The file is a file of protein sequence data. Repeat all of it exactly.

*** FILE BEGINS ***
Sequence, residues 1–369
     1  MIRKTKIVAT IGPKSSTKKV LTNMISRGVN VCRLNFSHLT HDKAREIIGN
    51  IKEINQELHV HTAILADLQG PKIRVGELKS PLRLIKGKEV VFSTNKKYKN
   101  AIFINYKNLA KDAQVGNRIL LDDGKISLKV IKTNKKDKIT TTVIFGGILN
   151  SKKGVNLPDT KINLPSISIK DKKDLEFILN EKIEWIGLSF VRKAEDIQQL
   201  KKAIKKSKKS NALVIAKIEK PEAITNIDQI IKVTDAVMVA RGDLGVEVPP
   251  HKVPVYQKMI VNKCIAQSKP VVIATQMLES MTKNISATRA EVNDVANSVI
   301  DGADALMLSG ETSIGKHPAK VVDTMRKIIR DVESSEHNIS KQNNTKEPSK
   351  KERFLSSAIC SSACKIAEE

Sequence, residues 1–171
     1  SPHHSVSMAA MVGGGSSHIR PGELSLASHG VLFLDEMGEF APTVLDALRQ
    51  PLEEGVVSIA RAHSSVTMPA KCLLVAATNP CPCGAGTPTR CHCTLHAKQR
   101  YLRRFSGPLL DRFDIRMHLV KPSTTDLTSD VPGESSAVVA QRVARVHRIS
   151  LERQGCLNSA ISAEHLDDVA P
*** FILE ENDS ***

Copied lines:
Sequence, residues 1–369
     1  MIRKTKIVAT IGPKSSTKKV LTNMISRGVN VCRLNFSHLT HDKAREIIGN
    51  IKEINQELHV HTAILADLQG PKIRVGELKS PLRLIKGKEV VFSTNKKYKN
   101  AIFINYKNLA KDAQVGNRIL LDDGKISLKV IKTNKKDKIT TTVIFGGILN
   151  SKKGVNLPDT KINLPSISIK DKKDLEFILN EKIEWIGLSF VRKAEDIQQL
   201  KKAIKKSKKS NALVIAKIEK PEAITNIDQI IKVTDAVMVA RGDLGVEVPP
   251  HKVPVYQKMI VNKCIAQSKP VVIATQMLES MTKNISATRA EVNDVANSVI
   301  DGADALMLSG ETSIGKHPAK VVDTMRKIIR DVESSEHNIS KQNNTKEPSK
   351  KERFLSSAIC SSACKIAEE

Sequence, residues 1–171
     1  SPHHSVSMAA MVGGGSSHIR PGELSLASHG VLFLDEMGEF APTVLDALRQ
    51  PLEEGVVSIA RAHSSVTMPA KCLLVAATNP CPCGAGTPTR CHCTLHAKQR
   101  YLRRFSGPLL DRFDIRMHLV KPSTTDLTSD VPGESSAVVA QRVARVHRIS
   151  LERQGCLNSA ISAEHLDDVA P